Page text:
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Joined: Mar 2001
Posts: 345
T
tdhorne Offline OP
Member
The issue of the current flowing over EGCs on boat shore lines has come up elsewhere. I realize that the wiring of water craft is totally beyond the scope of the electric code but we had two people drown here recently when the leaking ground current caused people swimming near a dock to loose control of their bodies. Can anyone here tell me what standards do apply to the power systems on water craft. How would a responsible marina operator address this hazard. If they are functioning in a competitive environment how can local AHJs assure that the transfer equipment used on the boats transfers the grounded conductor (neutral) along with the Equipment Grounding Conductor?
--
Tom


Tom Horne

"This alternating current stuff is just a fad. It is much too dangerous for general use" Thomas Alva Edison
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Joined: Oct 2000
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See NFPA 303, Fire Protection Standard for Marinas and Boatyards
2000 Edition

See Chapter 3 for Electrical Wiring and Equipment, See Section 3.5 for Grounding Requirements.


Joe Tedesco, NEC Consultant
Joined: Mar 2001
Posts: 345
T
tdhorne Offline OP
Member
Joe Tedesco Wrote:
"See NFPA 303, Fire Protection Standard for Marinas and Boatyards
2000 Edition

See Chapter 3 for Electrical Wiring and Equipment, See Section 3.5 for Grounding Requirements."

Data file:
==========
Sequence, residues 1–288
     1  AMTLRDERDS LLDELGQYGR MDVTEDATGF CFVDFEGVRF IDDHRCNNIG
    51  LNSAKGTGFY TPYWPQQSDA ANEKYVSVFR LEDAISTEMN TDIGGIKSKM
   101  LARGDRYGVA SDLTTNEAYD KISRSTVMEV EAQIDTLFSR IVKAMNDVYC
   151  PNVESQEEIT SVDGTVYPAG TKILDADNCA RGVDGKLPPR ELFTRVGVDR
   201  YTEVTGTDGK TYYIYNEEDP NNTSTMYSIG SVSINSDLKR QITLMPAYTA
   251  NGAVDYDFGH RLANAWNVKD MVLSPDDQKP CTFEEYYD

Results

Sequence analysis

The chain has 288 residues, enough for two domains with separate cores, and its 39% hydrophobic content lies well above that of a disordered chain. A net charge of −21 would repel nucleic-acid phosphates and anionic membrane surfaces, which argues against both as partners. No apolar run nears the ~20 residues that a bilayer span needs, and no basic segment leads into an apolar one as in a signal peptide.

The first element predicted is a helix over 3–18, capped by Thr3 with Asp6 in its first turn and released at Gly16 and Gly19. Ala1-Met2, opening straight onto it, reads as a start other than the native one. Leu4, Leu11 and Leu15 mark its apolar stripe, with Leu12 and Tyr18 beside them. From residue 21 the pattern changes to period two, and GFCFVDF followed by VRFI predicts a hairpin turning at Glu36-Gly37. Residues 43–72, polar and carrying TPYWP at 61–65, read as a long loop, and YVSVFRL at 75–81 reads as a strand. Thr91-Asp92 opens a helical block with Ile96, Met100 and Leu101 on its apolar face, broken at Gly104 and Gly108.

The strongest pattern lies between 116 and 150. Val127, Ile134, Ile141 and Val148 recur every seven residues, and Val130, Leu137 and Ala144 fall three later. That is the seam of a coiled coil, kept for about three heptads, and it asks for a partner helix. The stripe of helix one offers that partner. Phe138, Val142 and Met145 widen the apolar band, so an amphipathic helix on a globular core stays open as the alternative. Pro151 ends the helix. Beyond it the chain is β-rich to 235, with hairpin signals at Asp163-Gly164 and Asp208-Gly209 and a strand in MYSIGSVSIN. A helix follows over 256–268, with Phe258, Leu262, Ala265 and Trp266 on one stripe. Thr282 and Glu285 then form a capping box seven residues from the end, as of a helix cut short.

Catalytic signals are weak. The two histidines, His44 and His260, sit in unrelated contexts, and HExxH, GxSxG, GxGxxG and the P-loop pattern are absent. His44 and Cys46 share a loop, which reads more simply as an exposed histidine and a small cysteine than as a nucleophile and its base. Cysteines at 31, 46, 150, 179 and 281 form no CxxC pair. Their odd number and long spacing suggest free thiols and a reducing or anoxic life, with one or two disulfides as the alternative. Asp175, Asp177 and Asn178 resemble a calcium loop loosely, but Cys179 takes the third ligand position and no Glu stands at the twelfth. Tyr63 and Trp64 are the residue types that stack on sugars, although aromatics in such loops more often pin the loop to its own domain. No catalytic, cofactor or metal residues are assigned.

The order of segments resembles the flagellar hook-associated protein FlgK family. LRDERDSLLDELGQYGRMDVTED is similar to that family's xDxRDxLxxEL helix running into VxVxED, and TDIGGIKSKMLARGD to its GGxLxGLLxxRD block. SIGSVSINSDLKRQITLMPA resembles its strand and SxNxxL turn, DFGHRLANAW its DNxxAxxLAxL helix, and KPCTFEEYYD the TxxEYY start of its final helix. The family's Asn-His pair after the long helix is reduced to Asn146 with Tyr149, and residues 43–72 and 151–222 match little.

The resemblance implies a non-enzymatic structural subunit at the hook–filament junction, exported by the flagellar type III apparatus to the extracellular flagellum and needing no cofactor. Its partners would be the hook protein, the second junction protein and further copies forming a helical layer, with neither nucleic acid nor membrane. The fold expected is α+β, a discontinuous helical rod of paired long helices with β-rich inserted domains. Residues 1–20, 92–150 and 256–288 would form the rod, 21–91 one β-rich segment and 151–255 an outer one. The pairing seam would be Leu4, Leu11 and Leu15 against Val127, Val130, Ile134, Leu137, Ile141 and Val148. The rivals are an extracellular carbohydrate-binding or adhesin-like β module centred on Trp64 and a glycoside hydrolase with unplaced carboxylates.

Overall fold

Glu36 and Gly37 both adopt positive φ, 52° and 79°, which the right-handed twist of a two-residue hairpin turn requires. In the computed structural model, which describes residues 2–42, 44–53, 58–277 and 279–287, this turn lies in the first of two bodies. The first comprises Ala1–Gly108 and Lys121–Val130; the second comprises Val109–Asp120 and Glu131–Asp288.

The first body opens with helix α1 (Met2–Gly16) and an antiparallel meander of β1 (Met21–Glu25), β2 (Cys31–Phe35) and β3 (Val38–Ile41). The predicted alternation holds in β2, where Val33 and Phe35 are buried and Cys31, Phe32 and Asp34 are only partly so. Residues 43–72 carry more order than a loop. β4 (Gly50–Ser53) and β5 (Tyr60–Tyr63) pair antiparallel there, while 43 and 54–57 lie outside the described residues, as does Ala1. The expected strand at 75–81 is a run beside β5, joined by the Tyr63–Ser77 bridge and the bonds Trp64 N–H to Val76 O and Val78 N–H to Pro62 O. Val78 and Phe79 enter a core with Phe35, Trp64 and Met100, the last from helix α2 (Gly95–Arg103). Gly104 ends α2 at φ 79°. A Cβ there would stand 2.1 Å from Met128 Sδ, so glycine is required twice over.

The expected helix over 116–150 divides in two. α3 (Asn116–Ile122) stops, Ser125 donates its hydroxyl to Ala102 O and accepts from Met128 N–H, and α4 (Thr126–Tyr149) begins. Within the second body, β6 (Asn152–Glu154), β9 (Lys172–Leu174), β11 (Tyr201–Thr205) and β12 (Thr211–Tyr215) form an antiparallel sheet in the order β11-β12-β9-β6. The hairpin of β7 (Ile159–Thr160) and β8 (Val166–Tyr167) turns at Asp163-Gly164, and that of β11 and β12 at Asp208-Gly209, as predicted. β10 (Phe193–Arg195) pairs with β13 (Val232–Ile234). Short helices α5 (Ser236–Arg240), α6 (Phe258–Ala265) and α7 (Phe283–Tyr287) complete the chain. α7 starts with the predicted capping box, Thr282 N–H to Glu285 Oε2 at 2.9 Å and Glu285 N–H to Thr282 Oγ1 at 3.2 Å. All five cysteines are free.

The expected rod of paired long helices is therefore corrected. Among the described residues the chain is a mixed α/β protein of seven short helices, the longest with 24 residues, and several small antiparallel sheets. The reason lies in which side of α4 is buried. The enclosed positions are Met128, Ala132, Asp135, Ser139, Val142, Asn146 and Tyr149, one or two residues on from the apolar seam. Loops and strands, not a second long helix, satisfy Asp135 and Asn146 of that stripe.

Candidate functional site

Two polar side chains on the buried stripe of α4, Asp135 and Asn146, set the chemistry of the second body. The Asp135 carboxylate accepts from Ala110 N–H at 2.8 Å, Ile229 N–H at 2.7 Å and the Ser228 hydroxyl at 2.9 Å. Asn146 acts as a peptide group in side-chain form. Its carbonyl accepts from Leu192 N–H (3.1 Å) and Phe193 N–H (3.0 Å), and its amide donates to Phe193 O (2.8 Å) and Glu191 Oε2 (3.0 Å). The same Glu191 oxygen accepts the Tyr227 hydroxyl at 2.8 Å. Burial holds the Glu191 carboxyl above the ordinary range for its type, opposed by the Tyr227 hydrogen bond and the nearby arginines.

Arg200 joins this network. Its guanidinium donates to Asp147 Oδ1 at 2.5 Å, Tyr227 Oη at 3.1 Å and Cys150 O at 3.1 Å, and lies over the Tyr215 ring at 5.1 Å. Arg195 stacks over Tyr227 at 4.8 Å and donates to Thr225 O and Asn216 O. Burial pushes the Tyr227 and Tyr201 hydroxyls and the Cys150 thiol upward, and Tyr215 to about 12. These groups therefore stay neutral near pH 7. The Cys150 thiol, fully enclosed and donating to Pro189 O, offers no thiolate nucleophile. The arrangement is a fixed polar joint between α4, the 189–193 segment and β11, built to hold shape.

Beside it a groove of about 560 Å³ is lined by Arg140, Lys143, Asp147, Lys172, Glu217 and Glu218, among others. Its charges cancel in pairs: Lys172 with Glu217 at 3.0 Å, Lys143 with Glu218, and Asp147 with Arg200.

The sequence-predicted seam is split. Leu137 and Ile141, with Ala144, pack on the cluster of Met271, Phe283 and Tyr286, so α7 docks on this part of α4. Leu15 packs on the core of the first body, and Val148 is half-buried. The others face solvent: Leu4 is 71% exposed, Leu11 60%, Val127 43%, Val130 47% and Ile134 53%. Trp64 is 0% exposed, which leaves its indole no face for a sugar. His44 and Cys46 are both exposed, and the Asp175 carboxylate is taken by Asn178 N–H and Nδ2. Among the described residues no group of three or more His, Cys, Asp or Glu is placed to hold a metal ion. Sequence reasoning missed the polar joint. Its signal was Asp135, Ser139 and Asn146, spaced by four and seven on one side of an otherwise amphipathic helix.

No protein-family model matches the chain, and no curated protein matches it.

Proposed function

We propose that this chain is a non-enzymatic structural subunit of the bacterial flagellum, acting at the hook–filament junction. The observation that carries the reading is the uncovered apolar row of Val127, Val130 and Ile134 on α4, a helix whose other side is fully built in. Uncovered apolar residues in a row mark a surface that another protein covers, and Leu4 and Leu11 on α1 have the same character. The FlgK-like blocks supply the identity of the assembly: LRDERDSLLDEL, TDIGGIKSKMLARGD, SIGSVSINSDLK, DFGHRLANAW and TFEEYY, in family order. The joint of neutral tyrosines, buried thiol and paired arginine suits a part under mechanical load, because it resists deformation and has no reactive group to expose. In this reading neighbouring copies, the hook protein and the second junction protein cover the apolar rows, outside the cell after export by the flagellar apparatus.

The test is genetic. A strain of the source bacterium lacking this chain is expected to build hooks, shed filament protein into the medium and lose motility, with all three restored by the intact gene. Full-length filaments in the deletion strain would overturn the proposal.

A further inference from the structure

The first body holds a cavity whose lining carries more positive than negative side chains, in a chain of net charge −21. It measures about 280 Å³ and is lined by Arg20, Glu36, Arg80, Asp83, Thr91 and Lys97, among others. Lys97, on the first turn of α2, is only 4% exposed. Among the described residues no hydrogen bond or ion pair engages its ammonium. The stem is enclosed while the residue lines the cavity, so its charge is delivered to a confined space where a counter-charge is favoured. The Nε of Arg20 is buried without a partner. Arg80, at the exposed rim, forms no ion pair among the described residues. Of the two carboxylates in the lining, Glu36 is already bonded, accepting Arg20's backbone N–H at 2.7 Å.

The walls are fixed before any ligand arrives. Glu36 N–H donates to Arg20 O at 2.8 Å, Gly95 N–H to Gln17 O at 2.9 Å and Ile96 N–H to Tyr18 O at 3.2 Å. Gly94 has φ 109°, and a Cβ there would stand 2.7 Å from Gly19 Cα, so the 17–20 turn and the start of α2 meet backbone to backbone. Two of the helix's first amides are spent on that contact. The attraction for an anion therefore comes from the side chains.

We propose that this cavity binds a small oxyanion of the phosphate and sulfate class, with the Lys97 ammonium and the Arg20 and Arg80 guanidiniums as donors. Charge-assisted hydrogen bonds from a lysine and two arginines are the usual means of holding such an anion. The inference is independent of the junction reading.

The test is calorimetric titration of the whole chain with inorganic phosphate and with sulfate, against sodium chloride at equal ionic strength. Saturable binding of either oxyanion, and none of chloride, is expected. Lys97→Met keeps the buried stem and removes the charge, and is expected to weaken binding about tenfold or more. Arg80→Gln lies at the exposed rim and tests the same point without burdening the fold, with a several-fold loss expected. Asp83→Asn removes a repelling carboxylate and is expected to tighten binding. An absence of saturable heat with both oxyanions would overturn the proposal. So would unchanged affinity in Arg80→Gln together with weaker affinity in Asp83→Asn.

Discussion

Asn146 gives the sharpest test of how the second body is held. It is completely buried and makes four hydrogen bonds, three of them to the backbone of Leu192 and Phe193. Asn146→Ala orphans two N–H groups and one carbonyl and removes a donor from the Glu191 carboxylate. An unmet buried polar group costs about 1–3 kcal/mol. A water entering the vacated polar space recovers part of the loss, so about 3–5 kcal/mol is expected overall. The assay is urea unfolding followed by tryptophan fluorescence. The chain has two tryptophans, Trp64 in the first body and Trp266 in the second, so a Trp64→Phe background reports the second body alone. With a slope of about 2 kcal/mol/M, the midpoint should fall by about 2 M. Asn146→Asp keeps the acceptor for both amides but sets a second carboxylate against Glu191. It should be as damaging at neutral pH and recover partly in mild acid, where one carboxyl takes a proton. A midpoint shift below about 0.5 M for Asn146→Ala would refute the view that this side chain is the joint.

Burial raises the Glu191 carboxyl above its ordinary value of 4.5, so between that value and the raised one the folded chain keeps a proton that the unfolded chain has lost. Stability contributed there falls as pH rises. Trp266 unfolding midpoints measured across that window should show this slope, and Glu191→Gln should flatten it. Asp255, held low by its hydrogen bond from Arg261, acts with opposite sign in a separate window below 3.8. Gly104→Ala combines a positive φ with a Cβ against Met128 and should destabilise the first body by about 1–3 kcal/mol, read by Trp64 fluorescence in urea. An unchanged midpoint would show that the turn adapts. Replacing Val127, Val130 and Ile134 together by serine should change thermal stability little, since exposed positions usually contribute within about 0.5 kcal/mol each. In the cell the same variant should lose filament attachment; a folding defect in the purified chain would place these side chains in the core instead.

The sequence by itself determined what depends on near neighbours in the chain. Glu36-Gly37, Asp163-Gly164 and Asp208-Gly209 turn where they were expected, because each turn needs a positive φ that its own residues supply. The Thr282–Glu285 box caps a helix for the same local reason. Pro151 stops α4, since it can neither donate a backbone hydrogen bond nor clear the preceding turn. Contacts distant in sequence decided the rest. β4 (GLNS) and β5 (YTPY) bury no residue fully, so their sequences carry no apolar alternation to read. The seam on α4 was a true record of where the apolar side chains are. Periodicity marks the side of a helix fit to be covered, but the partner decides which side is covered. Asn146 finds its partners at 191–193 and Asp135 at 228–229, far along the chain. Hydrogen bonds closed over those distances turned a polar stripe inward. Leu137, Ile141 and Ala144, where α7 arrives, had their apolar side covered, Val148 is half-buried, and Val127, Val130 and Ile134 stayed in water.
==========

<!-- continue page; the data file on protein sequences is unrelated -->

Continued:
Joe
Does the standard you named address the wiring on the water craft? The problem arises out of the wiring on the boats them selves. The use of single and double pole transfer switches in place of the two and three pole ones that are needed to transfer the grounded conductor is the problem. I only have a 95 edition of the standard here.
--
Tom


Tom Horne

"This alternating current stuff is just a fad. It is much too dangerous for general use" Thomas Alva Edison
Joined: Oct 2000
Posts: 2,749
Member
Tom: I goofed trying to provide assistance! I should have identifed the following:

"NFPA 302, Fire Protection Standard for Pleasure and Commercial Motor Craft
1998 Edition"

See Chapter 7, It is quite lengthy and with many revisions, I am sure, since your last 1995 issue.

Look at that standard on the NFPA web site if you subscribe to the NFC's?


Joe Tedesco, NEC Consultant
Joined: Mar 2001
Posts: 345
T
tdhorne Offline OP
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Joe

I don't have a subscription to the NFCs. Does "NFPA 302, Fire Protection Standard for Pleasure and Commercial Motor Craft 1998 Edition" address the on board wiring of the boats themselves? The absence of a pole in the transfer switch to transfer the neutral from the on board source of AC to the shore line is the source of the problem. The on board Grounded Conductor and the on board Equipment Grounding Conductor are bonded together at the source. If the Grounded Conductor does not transfer then the neutral currents from the boats will flow over the EGCs and through the water causing stray currents and voltage gradients everywhere.
--
Tom



[This message has been edited by tdhorne (edited 02-03-2002).]


Tom Horne

"This alternating current stuff is just a fad. It is much too dangerous for general use" Thomas Alva Edison
Joined: Oct 2000
Posts: 2,749
Member
Tom:

See Section 7-2. Yes, I believe it does. You can call NFPA and ask for further assistance.


Joe Tedesco, NEC Consultant

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